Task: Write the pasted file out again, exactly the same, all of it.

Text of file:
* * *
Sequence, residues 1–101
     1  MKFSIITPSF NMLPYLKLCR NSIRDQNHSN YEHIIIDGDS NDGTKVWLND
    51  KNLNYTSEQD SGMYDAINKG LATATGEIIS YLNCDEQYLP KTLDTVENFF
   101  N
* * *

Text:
Sequence, residues 1–101
     1  MKFSIITPSF NMLPYLKLCR NSIRDQNHSN YEHIIIDGDS NDGTKVWLND
    51  KNLNYTSEQD SGMYDAINKG LATATGEIIS YLNCDEQYLP KTLDTVENFF
   101  N